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La Scena Musicale - Vol. 17, No. 6 March 2012


March 1, 2012

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Bach Sonatas
Lara St. John, violin; Marie-Pierre Langlamet, harp
Ancalagon ANC 139 (64 min 39 s)

Marie-Pierre Langlamet and violinist Lara St. John play two violin-harpsichord and three flute-harpsichord sonatas note for note with a twist—the  harpsichord parts are covered by Langlamet, principal harpist of the Berlin Philharmonic. Unfortunately, harp does not give that crisp, even tone associated with Bach. Its lightness also diminishes the contrapuntal play between the keyboard and soprano instrument, so that the violin becomes the star attraction (although this is also due to recording technique). The Sonata in G Minor for flutehas the best balance, perhaps because it’s scored for neither of them. At any rate, St. John’s finely-played performance deserves focus as she clearly has an affinity for the cadence of Bach. The more subdued keyboard part isn’t necessarily a bad thing, either; Langlamet is a first-rate musician and her harp breathes a lilting freshness into the pieces. Its timbre also lends an appropriately stately aura. St. John says that she so prefers the harp that she doesn’t “think [she’ll] ever be able to do these again with keyboard.” Whether or not you’ll agree, this disc gives the rare joy of rediscovering pieces in a new context. For that reason alone it will prove rewarding for Bach lovers. (See our interview with Lara St. John here.) Crystal Chan

Shuffle. Play. Listen.
Matt Haimovitz, cello; Christopher O’Riley, piano
Oxingale OX2019 (CD 1: 71 min 56 s, CD 2: 60 min 58 s)

Shuffle.Play.Listen. is a mix of classical, film, pop, rock, and jazz music from the last century. Stripped to Matt Haimovitz’s cello and Christopher O’Riley on piano, genres blur; Stravinsky rocks and Blonde Redhead recalls Romantic lieder. The transcriptions are O’Riley’s, who’s already released piano albums of his pop transcriptions, notably of Radiohead (here there are two Radiohead songs). If anything, the common genre is fusion, whether it be composers incorporating traditional music—Martinů’s Variations on a Slovak Folksong, for example—jazzy prog rockers like John McLaughlin exploring Indian harmony, or indie-poppers like Arcade Fire who embrace classical instruments. Dizzy yet?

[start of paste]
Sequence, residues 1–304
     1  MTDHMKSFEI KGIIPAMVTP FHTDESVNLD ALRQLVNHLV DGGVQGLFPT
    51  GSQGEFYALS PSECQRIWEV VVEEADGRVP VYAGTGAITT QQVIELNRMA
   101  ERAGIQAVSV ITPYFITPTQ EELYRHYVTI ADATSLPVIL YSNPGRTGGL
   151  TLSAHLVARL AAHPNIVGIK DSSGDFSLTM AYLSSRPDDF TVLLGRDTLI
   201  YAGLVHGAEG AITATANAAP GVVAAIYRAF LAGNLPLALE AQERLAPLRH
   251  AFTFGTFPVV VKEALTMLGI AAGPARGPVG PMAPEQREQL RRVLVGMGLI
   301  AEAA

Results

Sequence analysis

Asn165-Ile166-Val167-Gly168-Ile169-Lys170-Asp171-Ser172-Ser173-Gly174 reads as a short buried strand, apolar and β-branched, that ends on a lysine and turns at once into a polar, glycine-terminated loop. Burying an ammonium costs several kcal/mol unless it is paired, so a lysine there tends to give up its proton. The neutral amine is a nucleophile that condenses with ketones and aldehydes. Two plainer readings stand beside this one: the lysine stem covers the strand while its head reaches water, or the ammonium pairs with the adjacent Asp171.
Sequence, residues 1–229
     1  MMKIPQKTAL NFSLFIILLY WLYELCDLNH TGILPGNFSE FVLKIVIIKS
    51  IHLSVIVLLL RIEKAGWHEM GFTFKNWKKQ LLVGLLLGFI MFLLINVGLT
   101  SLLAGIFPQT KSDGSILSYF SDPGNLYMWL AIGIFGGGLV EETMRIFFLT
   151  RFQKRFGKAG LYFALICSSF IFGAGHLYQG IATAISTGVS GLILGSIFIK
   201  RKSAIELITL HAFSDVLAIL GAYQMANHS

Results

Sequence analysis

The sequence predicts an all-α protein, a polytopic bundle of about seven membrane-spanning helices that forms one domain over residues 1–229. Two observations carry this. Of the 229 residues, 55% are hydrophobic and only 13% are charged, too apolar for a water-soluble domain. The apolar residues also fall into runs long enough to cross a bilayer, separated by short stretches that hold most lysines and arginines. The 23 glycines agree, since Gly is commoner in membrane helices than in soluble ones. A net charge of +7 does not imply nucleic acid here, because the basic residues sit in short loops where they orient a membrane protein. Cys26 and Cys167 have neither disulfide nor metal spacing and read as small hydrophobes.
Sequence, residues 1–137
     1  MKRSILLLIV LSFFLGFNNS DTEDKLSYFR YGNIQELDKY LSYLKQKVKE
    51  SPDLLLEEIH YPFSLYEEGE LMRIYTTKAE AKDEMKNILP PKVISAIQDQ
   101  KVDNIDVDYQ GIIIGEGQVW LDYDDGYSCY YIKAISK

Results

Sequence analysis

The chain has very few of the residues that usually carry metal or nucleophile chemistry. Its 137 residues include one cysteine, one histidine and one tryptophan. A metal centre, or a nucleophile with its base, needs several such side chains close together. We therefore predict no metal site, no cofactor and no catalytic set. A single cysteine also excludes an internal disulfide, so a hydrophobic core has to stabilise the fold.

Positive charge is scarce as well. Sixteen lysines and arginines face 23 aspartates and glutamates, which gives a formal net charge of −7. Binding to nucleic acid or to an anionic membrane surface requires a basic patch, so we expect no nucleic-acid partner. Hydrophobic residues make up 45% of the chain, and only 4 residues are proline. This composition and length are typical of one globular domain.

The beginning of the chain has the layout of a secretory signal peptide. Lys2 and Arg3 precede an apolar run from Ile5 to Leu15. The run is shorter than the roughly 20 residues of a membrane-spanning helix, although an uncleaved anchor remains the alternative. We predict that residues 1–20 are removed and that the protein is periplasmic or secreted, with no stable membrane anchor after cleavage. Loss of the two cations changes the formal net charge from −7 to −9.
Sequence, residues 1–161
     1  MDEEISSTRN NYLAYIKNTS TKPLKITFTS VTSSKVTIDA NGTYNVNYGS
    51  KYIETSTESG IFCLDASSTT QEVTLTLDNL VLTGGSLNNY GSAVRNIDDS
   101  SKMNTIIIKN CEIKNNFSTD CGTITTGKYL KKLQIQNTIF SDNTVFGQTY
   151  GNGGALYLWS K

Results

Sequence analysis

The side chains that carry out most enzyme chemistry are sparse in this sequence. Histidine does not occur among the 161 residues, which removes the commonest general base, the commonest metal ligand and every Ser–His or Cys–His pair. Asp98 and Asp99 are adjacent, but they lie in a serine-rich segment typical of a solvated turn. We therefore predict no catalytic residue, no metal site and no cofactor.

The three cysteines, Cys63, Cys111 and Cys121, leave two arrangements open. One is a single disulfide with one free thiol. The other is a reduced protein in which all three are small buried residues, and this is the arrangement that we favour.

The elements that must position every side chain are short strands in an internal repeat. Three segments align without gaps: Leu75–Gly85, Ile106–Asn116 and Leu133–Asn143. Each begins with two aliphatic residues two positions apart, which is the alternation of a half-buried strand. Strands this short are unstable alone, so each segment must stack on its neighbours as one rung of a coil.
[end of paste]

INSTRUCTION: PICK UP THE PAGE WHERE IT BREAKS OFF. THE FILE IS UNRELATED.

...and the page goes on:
O’Riley proves a gifted writer for cello as well as piano. Haimovitz is a master of his instrument; O’Riley’s got him nearly teetering off his soundboard with transcriptions of Bernard Hermann’s Vertigo soundtrack and there’s not a squeak. Janáček’s Pohádka is the haunting standout from the first disc and Mahavishnu Orchestra’s The Dance of Maya, complete with a boogie piano solo, is the one from the second. That’s the funny part—this attempt at a postmodern, borderless listening experience is divided into ‘classical’ and ‘pop’ discs; it’s more like a curated mix tape than a pre-loaded iPod. But that can be easily fixed if you take the title to heart. Crystal Chan

Gluck: Ezio
Max Emanuel Cencic, countertenor (Valentiniano), Ann Hallenberg, mezzo-soprano (Fulvia), Sonia Prina, contralto (Ezio), Mayuko Karasawa, soprano (Onoria), Topi Lehtipuu, tenor (Massimo), Julian Prégardien, tenor (Varo); Il Complesso Barocco/Alan Curtis
Virgin Classics 5 0999907 092923 (2CD: 146 min 53 s)

Often neglected by the dictionaries, Ezio, dramma per musica (1750) is one of around thirty operas of different genres composed by Gluck before the major operatic reform set in motion by Orfeo ed Euridice (1762). It is an opera seria in the customary style in which secco recitatives alternate with da capo arias, creating repetitions and dialogues often left unjustified. Metastasio has peppered his libretto with romantic rivalry and political jealousy between the emperor Valentiniano and General Aetius (Ezio), the very same who put Attila and the Huns to rout. History tells us that the emperor had Aetius murdered, but here the librettist preferred to write a happier ending. Nonetheless, there is much to admire here, especially Se povero il ruscello, a beautifully orchestrated aria sung by the perfidious Massimo whose daughter Fulvia is loved by the two most powerful men in Rome. Although the finales to the three acts also reach a certain climax, it is not enough to call this opera a complete success. The line-up of soloists does quite a respectful job, although Sonia Prina’s portrayal of Ezio is rather weak. Alan Curtis conducts and directs both the pit and the stage with praiseworthy care. Alexandre Lazaridès